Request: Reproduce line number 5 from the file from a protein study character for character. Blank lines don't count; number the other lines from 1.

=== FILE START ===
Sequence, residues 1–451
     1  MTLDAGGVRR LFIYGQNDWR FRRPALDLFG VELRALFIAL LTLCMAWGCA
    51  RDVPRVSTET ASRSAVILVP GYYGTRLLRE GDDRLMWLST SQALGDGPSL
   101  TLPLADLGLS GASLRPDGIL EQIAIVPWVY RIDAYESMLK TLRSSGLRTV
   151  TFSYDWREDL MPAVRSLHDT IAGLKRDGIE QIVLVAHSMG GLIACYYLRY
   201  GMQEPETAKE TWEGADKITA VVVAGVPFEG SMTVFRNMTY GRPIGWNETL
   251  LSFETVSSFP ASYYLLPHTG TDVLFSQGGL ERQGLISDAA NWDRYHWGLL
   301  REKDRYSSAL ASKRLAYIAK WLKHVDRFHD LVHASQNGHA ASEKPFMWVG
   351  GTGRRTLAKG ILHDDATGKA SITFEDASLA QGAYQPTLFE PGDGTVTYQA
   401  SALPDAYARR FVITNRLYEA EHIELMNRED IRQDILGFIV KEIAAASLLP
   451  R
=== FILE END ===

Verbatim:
   151  TFSYDWREDL MPAVRSLHDT IAGLKRDGIE QIVLVAHSMG GLIACYYLRY